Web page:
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    With each passing generation of smartphone and tablet, we're promised an even stronger screen, more resistant to scratches, and made out of increasingly exotic materials. But have you ever stopped to ask yourself if these screens are so scratch-resistant, why do manufacturers continue to ship them to us with a protective film covering the screen? Think about it. Manufacturers assemble these devices in very clean environments, then place their products into clean boxes that hold them securely in place and protect them while they're shipped across the globe. Why would they need a protective ...

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    Smartphones are commonplace today. Almost everyone has one. My grandmother carries an iPhone and my father – a man who once swore he'd never carry a phone with him anywhere – slaps a Samsung Galaxy S III with an OtterBox case on his hip every morning. It wasn't always so. I remember being the only person at my high school – teachers and administration included – with a smartphone. First, I had the Moto Q, then the BlackBerry Pearl 8130, followed by the Curve 8330. And that's where my story began, back in 2006, taking lesson notes (read: playing Brick Breaker and Asteroids) on a ...

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    Remember back in the days of Android Gingerbread when ambitious OEMs started pumping out Android-powered tablets in an attempt to compete with Apple's iPad? Google pulled out all the stops to get Android Honeycomb released, and even partnered with Motorola to create the XOOM to show us all how a tablet "should be made". Honeycomb didn't last that long, but prior to Honeycomb, Google's message to OEMs was very clear: don't make a tablet powered by Android just yet. In retrospect, it's obvious why Google wanted its partners to wait: Android wasn't ready for tablets back then. It took some ...

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    Memos have been flying around like crazy over at Microsoft. Satya Nadella and Stephen "Hello there" Elop have been trying to synergize with their employees to maximize efficiency and leverage...whatever. It’s like a Weird Al song over there. Recently, Elop made it clear in no uncertain terms that Nokia's devices and services division, now living under the Microsoft umbrella is no longer in the Android phone making business. Of course anyone who has even tangentially been paying attention to the smartphone landscape over the past few years should have seen this coming, but it does beg the ...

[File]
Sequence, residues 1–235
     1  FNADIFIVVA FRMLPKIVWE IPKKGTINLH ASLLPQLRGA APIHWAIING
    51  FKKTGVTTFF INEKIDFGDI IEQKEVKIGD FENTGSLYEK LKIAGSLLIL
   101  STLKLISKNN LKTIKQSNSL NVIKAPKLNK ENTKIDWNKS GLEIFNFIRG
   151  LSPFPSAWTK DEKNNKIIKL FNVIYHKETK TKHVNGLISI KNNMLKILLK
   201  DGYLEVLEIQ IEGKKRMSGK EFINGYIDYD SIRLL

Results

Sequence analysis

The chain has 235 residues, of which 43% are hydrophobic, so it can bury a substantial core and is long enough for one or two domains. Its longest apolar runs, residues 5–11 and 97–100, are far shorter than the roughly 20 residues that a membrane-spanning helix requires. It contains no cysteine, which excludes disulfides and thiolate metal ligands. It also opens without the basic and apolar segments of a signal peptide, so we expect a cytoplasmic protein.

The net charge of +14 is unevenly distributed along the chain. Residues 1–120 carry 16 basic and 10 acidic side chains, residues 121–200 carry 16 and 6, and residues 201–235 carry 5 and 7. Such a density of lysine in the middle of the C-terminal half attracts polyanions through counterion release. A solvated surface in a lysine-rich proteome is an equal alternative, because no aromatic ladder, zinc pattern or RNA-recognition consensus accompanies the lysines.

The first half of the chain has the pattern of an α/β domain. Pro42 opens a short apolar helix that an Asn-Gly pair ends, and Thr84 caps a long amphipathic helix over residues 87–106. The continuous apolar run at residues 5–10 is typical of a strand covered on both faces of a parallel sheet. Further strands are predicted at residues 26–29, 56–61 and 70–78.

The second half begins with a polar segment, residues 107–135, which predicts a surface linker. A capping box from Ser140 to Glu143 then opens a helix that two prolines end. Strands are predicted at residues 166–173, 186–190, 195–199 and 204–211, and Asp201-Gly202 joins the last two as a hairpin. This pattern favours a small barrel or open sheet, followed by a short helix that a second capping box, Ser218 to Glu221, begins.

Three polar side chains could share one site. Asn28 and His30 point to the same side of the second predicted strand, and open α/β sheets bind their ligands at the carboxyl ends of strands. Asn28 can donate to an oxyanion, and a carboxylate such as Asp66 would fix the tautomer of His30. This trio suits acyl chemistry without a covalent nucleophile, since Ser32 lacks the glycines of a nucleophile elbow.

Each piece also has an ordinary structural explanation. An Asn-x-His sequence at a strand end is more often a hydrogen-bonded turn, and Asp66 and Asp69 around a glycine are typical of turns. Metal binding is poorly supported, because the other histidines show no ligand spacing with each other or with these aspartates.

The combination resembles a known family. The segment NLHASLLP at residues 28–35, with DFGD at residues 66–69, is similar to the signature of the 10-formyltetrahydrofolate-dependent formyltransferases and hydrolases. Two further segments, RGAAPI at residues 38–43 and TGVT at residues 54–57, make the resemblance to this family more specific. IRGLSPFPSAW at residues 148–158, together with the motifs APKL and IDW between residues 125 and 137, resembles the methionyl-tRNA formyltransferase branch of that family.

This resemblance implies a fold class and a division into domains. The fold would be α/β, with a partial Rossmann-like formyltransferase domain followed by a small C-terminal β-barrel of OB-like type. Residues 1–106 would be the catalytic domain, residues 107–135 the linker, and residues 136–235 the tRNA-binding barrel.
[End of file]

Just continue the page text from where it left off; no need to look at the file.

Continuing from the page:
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    Whether you're using Android, iOS, or Windows phone, there's one thing that unites us all: phone chargers. This week, Natalie and Kristin want to know why some chargers charge phones faster than others. Kristin bought a brand new phone charger that charges her phone about twice as fast as Natalie's in-wall charger. What gives? To answer that, first we have to talk a little bit about electricity. We'll dig into that, get into some Ohm's Law, and talk about rectifiers and inverters on this episode of the Pocketnow Power User. AC/DC The power inside our walls is AC (alternating current). The ...

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    When I first tried the One M8, I was pleasantly surprised. For the first time ever, I actually liked Sense. I've used Sense UI from its very first release on the CDMA HTC Hero in 2009 and every following iteration on HTC hardware since. Each time, the custom UI felt overbearing – it used too many resources, the animations were excessive, and most of the changes introduced were changes for the sake of change. Sure, some versions of Sense looked nice, but the bugs, slow updates, and inconsistencies weren't worth the trouble. Sense 6 was somehow different. Last year, HTC lightened the load ...

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    While users may not have always responded favorably, the ability of OEMs to deliver wildly divergent looks for their Android UIs could be seen as big success story for the sort of openness and flexibility that only Android offers. In the very early days of Android, everything looked the same. Manufacturers kept the stock OS intact and focused on deploying hardware -- that's where the real creativity was exercised back then. That approach didn't last long. Shortly after HTC built the G1 for T-Mobile, it created other phones with interfaces that began to refine the somewhat basic look and ...